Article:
The first fifteen minutes of mistimed tackles and misplaced passes soon gave lie to that, the crowd saving most of their invective - officials aside - for the perceived shortcomings of their own team. Never bad enough to occasion a chorus of "You're Not Fit to Wear the Shirt," but close. Not that the visitors were a whole lot better, a mixture of superannuated cloggers and earnest youngsters, none of them showing much wit or ambition, until, the interval not far off, they went close with a twenty-five yard volley which the Notts goalkeeper did well to tip over the bar.

"Bloody hell!" Millington said. "That was a near thing." And then, glancing sideways, "Come on, Charlie, they're not playing that badly."

Resnick was sitting there, shoulders hunched, tears running soundlessly down his face.

Thursday, April 12, 2012

Any Chance of a Game? by Barney Ronay (Ebury Press 2005)

We line up for kick-off and I look at the opposition for the first time. From a distance all teams look the same, a collection of figures yet to separate out into recognisable types. You make the calculations of weight, height and speed. You look for weak links and familiar giveaways. Just for a moment football feels a bit like fighting.

Today there are no obvious signs of weakness in the opposition, no pale camel-like figures fretting in the unaccustomed strip. You get a good idea from the boots (worn in?), the amount of faded white strapping on knees (sign of the seasoned player), and even from the nicknames. Beware of the bantering team. This lot look as though they've shared the same playground, clubhouse, family Christmases and shrinking gene pool for the last thirty years. Proper pub teams are rare these days. When you do meet one you know you're going to get a game.

Tuesday, April 10, 2012

Beautiful Thing (1996)

The End of the Wasp Season by Denise Mina (Orion Books 2011)

Thomas was watching a wasp die on the window ledge when Goering came for him. The sun burned hot through the windows, a shaft of yellow like a pathway to heaven, lying low over the long lawn in front of the old house, burning in through the glass that gravity had warped and two hundred years had tinged yellow. The wasp was struggling to get onto its stomach, antennae writhing, the little comma body contracting, the essential shape of it the trap that killed it.

End of the wasp season.

Sunday, April 08, 2012

Fire on the Mountain by Terry Bisson (Arbor House 1988)

Maybe I'm just homesick, Yasmin thought. She was flooded with a sudden desire, almost frightening in its intensity, to see her little wood-frame ochre house on the canal in Charleston.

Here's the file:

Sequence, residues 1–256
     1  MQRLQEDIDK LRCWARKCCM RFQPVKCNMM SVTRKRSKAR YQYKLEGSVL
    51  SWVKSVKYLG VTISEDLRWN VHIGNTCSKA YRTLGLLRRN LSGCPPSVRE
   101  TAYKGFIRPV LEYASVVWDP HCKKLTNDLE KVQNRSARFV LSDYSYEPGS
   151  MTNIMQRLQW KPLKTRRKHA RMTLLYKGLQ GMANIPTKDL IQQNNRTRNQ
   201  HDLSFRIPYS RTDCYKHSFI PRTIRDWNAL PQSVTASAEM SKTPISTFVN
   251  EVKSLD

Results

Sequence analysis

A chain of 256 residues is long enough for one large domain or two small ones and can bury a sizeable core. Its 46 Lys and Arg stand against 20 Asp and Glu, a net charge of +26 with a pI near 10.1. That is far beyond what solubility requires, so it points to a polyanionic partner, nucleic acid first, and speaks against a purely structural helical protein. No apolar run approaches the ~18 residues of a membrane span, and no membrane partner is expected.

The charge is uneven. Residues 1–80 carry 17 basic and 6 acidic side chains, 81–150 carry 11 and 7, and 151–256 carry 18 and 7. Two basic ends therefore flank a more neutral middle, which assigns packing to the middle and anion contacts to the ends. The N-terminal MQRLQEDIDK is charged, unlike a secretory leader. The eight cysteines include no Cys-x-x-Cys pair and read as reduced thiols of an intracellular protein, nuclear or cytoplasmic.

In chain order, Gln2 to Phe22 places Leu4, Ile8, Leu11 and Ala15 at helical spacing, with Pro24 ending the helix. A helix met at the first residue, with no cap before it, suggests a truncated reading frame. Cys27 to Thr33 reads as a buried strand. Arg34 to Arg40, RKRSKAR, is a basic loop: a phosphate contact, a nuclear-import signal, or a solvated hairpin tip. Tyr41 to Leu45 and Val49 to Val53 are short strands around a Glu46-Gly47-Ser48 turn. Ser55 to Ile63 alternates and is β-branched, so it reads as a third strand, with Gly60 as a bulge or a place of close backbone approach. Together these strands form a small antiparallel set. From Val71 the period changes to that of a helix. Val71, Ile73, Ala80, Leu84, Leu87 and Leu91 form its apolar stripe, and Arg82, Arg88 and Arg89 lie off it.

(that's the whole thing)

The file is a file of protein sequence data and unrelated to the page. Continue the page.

They stopped to top off the battery, and Grissom phoned the old lady's house. Yasmin noticed that people down here talked a little more like Grissom and a little less like her mother-in-law. The African-softened accent of the border was noticeably beginning to give way to the harsh Northern twang.

But Laura May Hunter still lived on the border. The first thing Yasmin saw when the uniformed day nurse let her and Grissom into the little house was a tinted picture of Abraham Lincoln on the wall.

Lincoln was a Whig, backed by U.S. capital, who had organised a fifth column of Southern whites to support an invasion of Nova Africa in 1870, right after the Independence War. If the whites couldn't keep the slaves, they at least wanted the land back. Though the invaders had been routed at the Battle of Shoat's Bend without crossing the Cumberland River, "One nation indivisible" had become a rallying cry for white nationalists on both sides of the border. The next five years, 1870-75, were as close to a civil war as Nova Africa was to see. When it began, the new nation south of the Tennessee River was 42 percent white; when it ended, it was 81 percent black. In the U.S., veterans and descendants of the "Exitus" formed the racist backbone of the rightist movements for years: in the Bible Wars of the 1920s, the Homestead Rebellion, even in the Second Revolutionary War of '48. In Nova Africa the whites who embraced (or made their peace with) socialism were called "comebacks" - even if they had never left - and Lincoln was no hero to them; but before his body had even been cut down in 1871, he had become a legend among the border whites in Kentucky, Virginia and parts of Missouri.